Renewables also hear “Not in my Backyard”

 Wind gen­er­ated elec­tric­ity faces head­winds from home­own­ers 

The propane indus­try has had decades of expe­ri­ence in deal­ing with the “Not in my back­yard” bat­tle cry from energy activists and other under-informed oppo­nents.  Propane indus­try mem­bers have faced resis­tance to every­thing from the place­ment of an above ground res­i­den­tial tank in a back­yard, to new bulk stor­age at a plant or satel­lite loca­tion, and to a game changer stor­age facil­ity like Fin­ger Lakes LPG in New York.  Expe­ri­ence, patience, and an excel­lent safety record usu­ally pay off when it comes to propane stor­age and dis­tri­b­u­tion improve­ment projects for our clean Amer­i­can energy. 

In sim­i­lar fash­ion, renew­able energy advo­cates, espe­cially wind tur­bine cru­saders, are find­ing strong resis­tance to the place­ment and oper­a­tion of wind farms to sup­ply the grid.  The cham­pi­ons of wind gen­er­ated elec­tric­ity are strug­gling in deal­ing with the “Not in my back­yard” bat­tle cry of oppo­nents.  Envi­ron­men­tal­ists are assum­ing that con­sumers will be com­pletely sat­is­fied with the declared utopia of wind gen­er­ated elec­tric­ity and are now fac­ing home­owner oppo­si­tion and, in some cases, out­right hos­til­ity toward the oper­a­tion of indus­trial wind tur­bines. 

Crit­ics of wind tur­bines are quick to point out some obvi­ous and some, as yet unproven, claims that could make a case for severely lim­it­ing the place­ment and oper­a­tion of wind farms in the future and even affect the via­bil­ity of some wind farms already in oper­a­tion. 

One of the more obvi­ous issues with indus­trial wind tur­bines is the noise from the revolv­ing tur­bine blades.  In some cases this noise can be audi­ble inside a home more than six miles away.  While this noise is not at dan­ger­ous deci­bel lev­els, it is objec­tion­able and can cause health issues.  Recent noise objec­tions have turned to more difficult-to-measure infra­sound, a low fre­quency sound pat­tern, being pro­duced at report­edly dan­ger­ous lev­els in indus­trial wind tur­bine oper­a­tion.  Homes near wind farms in Wis­con­sin and sev­eral other parts of the coun­try are being aban­doned by home­own­ers due to claims of nau­sea, headaches, and other symp­toms brought on by the sound char­ac­ter­is­tics of wind tur­bine oper­a­tion.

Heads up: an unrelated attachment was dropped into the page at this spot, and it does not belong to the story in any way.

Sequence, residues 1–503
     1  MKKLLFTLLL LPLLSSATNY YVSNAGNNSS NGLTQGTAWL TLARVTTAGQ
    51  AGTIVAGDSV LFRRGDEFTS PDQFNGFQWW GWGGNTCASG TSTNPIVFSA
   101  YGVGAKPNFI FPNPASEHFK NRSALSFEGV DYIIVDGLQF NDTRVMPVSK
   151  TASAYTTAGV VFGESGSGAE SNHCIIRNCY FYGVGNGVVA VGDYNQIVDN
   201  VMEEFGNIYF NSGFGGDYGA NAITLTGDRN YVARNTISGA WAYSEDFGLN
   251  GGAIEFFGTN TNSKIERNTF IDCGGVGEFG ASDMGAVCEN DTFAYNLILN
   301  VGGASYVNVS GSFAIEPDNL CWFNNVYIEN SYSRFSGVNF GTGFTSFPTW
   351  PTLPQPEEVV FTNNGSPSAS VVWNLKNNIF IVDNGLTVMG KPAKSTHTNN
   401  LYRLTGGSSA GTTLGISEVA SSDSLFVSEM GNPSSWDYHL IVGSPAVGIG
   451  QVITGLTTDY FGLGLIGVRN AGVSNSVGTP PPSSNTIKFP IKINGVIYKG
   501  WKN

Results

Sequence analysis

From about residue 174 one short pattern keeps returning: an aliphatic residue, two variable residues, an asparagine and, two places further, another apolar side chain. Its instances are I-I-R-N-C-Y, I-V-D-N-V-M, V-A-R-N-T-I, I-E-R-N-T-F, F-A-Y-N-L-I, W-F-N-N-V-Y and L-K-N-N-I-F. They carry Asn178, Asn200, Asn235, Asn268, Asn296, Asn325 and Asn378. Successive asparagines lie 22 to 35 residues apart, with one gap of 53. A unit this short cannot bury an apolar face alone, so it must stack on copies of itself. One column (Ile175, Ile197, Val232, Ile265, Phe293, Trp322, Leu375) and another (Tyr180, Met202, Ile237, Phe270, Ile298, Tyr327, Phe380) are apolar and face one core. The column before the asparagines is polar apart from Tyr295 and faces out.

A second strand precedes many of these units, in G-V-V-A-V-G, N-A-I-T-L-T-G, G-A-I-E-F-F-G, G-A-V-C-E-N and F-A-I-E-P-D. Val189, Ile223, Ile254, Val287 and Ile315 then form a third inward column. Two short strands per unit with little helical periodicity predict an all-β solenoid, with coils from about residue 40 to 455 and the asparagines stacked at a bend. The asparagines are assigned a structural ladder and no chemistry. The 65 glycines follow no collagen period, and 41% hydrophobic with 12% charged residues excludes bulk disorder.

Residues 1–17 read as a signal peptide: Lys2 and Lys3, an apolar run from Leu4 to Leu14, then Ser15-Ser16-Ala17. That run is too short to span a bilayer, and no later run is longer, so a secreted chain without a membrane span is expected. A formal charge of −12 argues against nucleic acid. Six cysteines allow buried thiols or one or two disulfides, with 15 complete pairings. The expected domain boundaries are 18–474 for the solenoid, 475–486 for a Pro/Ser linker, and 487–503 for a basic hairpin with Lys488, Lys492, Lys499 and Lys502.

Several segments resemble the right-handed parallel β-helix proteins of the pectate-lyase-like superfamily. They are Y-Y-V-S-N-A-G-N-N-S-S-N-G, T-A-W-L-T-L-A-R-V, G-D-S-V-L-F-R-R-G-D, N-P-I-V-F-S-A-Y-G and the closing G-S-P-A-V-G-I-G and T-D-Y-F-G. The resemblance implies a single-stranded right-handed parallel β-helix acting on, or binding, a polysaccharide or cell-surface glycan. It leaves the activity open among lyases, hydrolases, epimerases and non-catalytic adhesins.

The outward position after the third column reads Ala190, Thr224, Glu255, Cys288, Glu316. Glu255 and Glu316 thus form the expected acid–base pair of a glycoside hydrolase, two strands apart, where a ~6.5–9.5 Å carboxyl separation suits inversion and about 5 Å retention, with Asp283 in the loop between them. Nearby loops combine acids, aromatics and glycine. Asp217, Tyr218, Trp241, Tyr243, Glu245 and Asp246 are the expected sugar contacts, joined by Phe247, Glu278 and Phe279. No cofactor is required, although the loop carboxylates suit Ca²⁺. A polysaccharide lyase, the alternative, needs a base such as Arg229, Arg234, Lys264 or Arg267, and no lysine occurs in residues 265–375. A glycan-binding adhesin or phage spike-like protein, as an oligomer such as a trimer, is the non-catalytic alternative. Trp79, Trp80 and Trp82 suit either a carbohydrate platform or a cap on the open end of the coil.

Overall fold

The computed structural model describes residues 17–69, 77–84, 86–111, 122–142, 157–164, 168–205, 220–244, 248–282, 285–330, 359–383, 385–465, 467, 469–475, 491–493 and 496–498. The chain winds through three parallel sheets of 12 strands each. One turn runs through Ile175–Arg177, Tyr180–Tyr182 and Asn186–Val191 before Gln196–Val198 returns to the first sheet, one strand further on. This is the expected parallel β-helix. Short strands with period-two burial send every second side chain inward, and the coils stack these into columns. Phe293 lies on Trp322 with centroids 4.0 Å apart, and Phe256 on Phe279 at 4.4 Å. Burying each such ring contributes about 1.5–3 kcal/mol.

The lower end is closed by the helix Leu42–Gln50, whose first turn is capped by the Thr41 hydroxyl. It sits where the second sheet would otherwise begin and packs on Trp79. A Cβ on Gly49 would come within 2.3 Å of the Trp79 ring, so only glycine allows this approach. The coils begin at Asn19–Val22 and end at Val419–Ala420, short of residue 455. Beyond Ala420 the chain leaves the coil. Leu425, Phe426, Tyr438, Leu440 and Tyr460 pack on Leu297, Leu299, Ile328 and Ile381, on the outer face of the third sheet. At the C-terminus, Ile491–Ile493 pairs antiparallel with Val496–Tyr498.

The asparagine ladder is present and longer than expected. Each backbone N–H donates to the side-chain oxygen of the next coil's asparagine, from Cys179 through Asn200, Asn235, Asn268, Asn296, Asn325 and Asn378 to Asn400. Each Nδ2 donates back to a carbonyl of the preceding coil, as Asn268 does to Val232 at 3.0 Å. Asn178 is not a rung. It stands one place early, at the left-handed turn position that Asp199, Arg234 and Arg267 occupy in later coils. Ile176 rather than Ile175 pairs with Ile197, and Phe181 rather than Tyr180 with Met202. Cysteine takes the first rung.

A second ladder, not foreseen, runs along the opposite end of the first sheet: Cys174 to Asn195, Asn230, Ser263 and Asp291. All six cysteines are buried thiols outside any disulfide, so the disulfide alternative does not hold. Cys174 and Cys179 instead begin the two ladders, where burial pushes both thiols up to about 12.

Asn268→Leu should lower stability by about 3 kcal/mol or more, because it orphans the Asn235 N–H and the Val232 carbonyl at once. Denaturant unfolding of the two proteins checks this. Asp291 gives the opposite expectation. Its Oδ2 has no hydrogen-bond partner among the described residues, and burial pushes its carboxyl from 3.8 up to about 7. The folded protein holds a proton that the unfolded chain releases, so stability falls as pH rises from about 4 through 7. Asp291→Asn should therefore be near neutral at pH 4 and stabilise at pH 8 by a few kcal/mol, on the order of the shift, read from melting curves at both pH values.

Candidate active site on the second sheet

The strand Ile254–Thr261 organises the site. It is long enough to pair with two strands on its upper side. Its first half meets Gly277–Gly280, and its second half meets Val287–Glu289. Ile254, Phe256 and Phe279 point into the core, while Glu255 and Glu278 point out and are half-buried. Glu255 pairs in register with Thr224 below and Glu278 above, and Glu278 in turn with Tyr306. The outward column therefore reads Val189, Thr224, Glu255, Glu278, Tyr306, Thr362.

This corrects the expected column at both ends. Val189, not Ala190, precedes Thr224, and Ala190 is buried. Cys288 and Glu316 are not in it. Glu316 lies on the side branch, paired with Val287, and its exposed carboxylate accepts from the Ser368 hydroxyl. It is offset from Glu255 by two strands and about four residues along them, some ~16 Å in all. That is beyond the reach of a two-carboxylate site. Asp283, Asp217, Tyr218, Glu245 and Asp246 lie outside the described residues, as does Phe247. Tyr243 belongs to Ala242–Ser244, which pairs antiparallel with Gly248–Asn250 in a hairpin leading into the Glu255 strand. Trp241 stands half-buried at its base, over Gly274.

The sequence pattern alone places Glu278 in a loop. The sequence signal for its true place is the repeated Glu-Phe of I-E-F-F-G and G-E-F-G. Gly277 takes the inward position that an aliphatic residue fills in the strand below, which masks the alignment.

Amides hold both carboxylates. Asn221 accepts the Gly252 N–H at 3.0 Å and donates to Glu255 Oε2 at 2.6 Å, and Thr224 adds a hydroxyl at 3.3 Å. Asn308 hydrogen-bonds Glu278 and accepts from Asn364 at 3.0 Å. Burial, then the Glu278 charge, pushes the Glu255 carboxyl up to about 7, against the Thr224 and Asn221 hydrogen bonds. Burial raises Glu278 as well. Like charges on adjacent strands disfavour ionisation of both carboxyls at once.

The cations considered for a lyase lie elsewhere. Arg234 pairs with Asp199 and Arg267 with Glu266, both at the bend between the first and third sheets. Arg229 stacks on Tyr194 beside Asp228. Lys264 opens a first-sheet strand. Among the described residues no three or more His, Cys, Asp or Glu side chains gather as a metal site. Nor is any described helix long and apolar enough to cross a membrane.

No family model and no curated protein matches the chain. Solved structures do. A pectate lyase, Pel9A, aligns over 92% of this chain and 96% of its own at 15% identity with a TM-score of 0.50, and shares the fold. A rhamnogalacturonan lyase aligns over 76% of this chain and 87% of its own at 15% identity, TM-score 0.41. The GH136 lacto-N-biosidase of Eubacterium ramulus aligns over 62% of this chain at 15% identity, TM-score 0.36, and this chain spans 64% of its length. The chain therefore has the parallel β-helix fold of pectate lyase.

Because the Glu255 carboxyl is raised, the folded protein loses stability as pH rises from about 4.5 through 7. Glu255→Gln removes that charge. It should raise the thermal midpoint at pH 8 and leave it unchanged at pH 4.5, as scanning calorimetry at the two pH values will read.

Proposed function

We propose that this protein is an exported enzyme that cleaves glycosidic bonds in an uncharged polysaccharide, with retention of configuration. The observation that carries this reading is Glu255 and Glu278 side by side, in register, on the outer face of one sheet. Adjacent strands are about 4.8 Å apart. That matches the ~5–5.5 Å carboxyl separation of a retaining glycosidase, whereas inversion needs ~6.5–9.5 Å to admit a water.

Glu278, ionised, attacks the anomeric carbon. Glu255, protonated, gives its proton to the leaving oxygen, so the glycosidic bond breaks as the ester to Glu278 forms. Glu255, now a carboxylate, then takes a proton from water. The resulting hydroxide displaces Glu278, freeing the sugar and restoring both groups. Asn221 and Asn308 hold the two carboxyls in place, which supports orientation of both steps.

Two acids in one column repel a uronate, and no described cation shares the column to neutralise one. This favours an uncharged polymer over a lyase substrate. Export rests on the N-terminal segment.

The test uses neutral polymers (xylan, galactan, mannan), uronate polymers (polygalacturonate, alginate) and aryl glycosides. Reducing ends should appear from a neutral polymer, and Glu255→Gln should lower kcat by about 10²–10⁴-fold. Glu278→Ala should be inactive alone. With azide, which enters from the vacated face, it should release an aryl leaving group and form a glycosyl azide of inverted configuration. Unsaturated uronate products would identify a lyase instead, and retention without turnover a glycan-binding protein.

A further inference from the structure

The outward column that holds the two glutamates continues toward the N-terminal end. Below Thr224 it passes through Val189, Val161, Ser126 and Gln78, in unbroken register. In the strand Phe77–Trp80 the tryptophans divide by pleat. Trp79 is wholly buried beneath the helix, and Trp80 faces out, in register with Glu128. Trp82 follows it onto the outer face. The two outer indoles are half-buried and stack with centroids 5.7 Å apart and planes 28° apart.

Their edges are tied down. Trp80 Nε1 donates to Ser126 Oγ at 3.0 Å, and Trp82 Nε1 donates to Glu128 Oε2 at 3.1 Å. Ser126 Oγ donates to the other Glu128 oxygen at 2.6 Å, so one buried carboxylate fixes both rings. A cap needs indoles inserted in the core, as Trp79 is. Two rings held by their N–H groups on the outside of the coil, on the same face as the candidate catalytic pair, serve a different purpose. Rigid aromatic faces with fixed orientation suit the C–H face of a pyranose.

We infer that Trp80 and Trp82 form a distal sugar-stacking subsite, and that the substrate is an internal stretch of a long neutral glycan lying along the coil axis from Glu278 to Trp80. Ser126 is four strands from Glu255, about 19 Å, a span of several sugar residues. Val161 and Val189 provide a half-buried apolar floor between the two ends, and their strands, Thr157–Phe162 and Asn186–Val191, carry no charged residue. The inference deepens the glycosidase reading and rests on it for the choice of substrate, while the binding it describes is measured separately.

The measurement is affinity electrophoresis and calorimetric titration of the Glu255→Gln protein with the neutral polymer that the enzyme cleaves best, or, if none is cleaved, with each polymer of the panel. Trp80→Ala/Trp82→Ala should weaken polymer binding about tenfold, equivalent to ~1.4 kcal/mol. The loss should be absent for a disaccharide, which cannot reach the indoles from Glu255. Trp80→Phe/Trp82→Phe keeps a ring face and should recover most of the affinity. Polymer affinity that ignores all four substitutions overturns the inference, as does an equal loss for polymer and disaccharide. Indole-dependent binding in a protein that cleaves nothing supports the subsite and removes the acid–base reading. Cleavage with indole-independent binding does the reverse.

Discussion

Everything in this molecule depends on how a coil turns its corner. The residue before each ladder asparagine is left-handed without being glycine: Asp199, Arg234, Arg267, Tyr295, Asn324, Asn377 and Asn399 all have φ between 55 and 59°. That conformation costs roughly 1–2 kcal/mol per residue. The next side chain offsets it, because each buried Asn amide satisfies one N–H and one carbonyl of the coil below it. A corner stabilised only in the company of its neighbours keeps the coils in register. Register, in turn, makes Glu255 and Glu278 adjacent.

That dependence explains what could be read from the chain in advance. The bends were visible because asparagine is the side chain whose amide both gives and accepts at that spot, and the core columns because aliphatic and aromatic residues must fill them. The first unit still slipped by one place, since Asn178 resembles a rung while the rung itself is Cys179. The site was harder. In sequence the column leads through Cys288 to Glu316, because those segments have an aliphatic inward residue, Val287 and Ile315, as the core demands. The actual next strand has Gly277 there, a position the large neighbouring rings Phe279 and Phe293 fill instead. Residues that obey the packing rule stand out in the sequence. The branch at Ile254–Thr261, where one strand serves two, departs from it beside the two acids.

Another com­mon com­plaint of home­own­ers located in that big “back­yard” of a wind farm is “shadow flicker”.  Shadow flicker occurs when the rota­tion of wind tur­bine blades causes alter­nat­ing peri­ods of shadow and light on adja­cent prop­erty.  Shadow flicker, while not a proven health haz­ard at this time, cer­tainly is an irri­tat­ing visual phe­nom­e­non to most peo­ple.  Proper sit­ing of wind farms can help to min­i­mize the effects of shadow flicker on neigh­bor­ing houses but does not seem to be a pri­or­ity for wind farm plan­ners. 

The other less talked about con­cern with wind farms is their some­what unpre­dictable effect on local weather.  Wind tur­bines remove energy from the wind and that causes change.  Some effects, such as ground warm­ing and dry­ing for miles around a wind farm, are already known, but cumu­la­tive effects on the weather and ulti­mately the cli­mate are unknown at this point and should be stud­ied.  Cli­mate change fanat­ics should take note. 

Don’t con­fuse indus­trial wind tur­bines that sup­ply the grid with small tur­bines designed to directly sup­ply a home or other build­ing.  In off-grid appli­ca­tions the small turbine’s vari­able out­put is bal­anced by bat­tery stor­age and usu­ally sup­ple­mented by an on-site backup gen­er­a­tor.  A propane backup gen­er­a­tor is an excel­lent part­ner with renew­ables in this type of wind tur­bine appli­ca­tion and is usu­ally a gate­way to other propane usage points in the build­ing.   

Elec­tric­ity is your main energy com­peti­tor and indus­trial wind farms are gain­ing a toe­hold in elec­tric­ity pro­duc­tion.  Learn more about the gross inef­fi­cien­cies of indus­trial wind farms that can never be over­come by tax­payer funded gov­ern­ment sub­si­dies at  You need to learn the pros and cons of all of your energy com­peti­tors to be able to suc­cess­fully sell propane-clean Amer­i­can energy.  Now you know some of the rea­sons why home­own­ers are cry­ing out loudly “Not in my back­yard” when it comes to wind tur­bine farms.  

May win­ter winds lift your spir­its.     





Tom Jaenicke is the founder and prin­ci­pal advi­sor at ATomiK Cre­ative Solu­tions, LLC, a com­pany that pro­vides mar­ket­ing ser­vices, tech­ni­cal advice, con­tin­u­ing edu­ca­tion solu­tions, and busi­ness devel­op­ment assis­tance to energy com­pa­nies and sup­port orga­ni­za­tions.  He can be reached at 810 252‑7855 or